As you know, there are two creationist bills pending in the Missouri legislature. The first one is sponsored by Andrew Koenig — it’s a typical “academic freedom” bill like the model promoted by the Discovery Institute. There hasn’t been anything happening with it — no hearings, nothing.
We wrote about the second bill here. It’s the craziest of all such bills we’ve seen since we started this humble blog, and it’s the work of Rick Brattin, a high school graduate who owns and operates Brattin Drywall Company.
His bill is House Bill 291. You can track the bill’s progress at that link (nothing’s happened yet, and no hearings are scheduled). He proposed the same bill last year, which went nowhere. Here’s where you can read the bill: Text of HB 291, and Koenig is a co-sponsor. In for a penny, in for a pound.
Although nothing’s happened in the legislature so far, there’s plenty of time — they’re not scheduled to adjourn until 30 May. Meanwhile, we found some news about Brattin and his bill. We present to you, dear reader, some excerpts from Rick Brattin, Who Wants Anti-Evolution Lessons In Missouri Schools: “I’m A Science Enthusiast”, which appears in the Riverfront Times (RFT), a newspaper in St. Louis, Missouri. The bold font was added by us:
Missouri Representative Rick Brattin, a Republican, has introduced a bill that would mandate schools across the state give “equal treatment” to the theory of evolution and so-called “intelligent design,” which is similar to creationism. Why?
“I’m a science enthusiast,” he tells Daily RFT. “I’m a huge science buff.“
Ah, that explains it. Because you already know about his bill, we’ll just skip around and give you some quotes from Brattin. They’re very illuminating. Here we go:
Brattin explains to us, “I just believe that there are more theories than one in science.” What the bill does, he says, is mandate that teachers and instructional material “distinguish what is, in fact, theory and what is, in fact, empirical data…. There’s so much of the theory of evolution that is being taught as fact … things like the primordial ooze.“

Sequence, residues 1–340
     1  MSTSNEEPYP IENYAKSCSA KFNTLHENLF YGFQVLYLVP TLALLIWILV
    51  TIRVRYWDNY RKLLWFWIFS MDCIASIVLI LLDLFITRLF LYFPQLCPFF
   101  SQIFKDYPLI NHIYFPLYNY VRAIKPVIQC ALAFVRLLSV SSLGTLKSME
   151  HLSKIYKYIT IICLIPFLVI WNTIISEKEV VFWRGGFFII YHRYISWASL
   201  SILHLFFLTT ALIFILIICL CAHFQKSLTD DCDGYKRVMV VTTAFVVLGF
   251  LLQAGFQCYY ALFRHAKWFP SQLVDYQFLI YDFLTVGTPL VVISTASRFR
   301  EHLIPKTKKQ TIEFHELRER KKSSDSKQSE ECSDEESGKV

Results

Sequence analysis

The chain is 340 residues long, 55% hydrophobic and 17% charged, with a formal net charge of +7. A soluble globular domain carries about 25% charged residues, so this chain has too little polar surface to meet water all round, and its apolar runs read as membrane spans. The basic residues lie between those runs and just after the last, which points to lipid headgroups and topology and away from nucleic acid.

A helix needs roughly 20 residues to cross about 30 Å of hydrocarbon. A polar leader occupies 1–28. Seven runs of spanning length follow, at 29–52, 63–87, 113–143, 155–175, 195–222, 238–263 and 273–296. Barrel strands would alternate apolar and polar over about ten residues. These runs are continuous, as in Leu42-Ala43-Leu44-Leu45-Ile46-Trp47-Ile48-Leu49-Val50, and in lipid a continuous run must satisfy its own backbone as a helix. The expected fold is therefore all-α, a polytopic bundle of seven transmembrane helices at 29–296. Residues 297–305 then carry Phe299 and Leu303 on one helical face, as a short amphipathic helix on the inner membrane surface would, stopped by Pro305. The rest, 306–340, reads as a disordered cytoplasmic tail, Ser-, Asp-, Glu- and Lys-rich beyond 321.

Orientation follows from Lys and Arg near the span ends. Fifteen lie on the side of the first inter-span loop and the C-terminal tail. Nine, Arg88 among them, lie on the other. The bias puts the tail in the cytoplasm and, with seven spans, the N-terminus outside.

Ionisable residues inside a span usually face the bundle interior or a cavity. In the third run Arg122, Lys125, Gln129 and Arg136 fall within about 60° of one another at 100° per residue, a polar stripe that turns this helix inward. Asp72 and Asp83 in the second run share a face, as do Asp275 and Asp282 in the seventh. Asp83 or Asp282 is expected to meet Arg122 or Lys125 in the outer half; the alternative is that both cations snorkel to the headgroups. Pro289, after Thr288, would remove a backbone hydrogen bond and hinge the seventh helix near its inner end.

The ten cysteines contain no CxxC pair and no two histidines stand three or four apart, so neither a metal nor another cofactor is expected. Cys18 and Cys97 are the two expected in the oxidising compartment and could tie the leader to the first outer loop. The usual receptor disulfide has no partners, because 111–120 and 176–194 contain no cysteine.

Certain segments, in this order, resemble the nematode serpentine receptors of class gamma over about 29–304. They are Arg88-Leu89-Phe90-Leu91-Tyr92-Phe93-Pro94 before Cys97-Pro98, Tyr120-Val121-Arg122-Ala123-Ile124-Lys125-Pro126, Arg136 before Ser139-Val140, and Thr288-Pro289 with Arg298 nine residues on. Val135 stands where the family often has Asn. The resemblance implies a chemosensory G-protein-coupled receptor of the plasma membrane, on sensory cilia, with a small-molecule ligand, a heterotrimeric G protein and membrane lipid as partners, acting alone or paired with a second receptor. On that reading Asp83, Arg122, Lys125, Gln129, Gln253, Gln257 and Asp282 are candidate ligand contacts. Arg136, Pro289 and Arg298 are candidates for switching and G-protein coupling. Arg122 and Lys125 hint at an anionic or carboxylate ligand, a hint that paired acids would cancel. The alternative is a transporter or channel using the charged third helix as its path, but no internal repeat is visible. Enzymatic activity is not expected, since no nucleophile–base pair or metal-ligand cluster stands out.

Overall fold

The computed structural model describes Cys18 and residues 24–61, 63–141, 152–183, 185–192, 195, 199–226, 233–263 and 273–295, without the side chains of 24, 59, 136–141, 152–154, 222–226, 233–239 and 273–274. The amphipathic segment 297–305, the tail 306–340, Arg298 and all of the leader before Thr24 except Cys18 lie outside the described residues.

Yeah, the Ooze Theory needs to be knocked off its pedestal. Here’s more:
He adds, “With theories, they need to have equal treatment, objective treatment, not one brushed aside.” The one he doesn’t want brushed aside is intelligent design, an alternative theory of life to natural selection.
It’s inspiring to see someone so dedicated to the cult of the intelligent designer. Missouri is fortunate to have Brattin in the legislature. Moving along:
[H]is bill has nothing to do with religion, Brattin says. In fact — it is the opponents who are being religious in their stubborn support of evolution.
“This is like their religion,” he says. “They believe this wholeheartedly … . They believe you are attacking what is absolutely one hundred percent true. I’ve had numerous college professors within biology, school science teachers…who say they are not allowed to teach any type of theory [like intelligent design]…. They are banned from the science community.”
He’s had “numerous college professors” tell him that? Or has he merely seen Ben Stein’s sleazy propaganda film, Expelled: No Intelligence Allowed? Let’s read on:
Brattin argues that he is motivated to put forward this bill because he believes in science. “This isn’t preaching that God designed this,” he says. “This is saying, it had to come from some sort of intelligence.”
Oh. It’s not God, it’s “some sort of intelligence.” Right. One last excerpt:
“The naysayers keep involving religion,” says Brattin, who also introduced this bill last year. “This has to do with science. This is about testable data in today’s world.”
So there you are. You know about the bill, and now you know the motivation of its sponsor. There’s not much else to know except the fate of the bill. For that, we’ll just have to wait.
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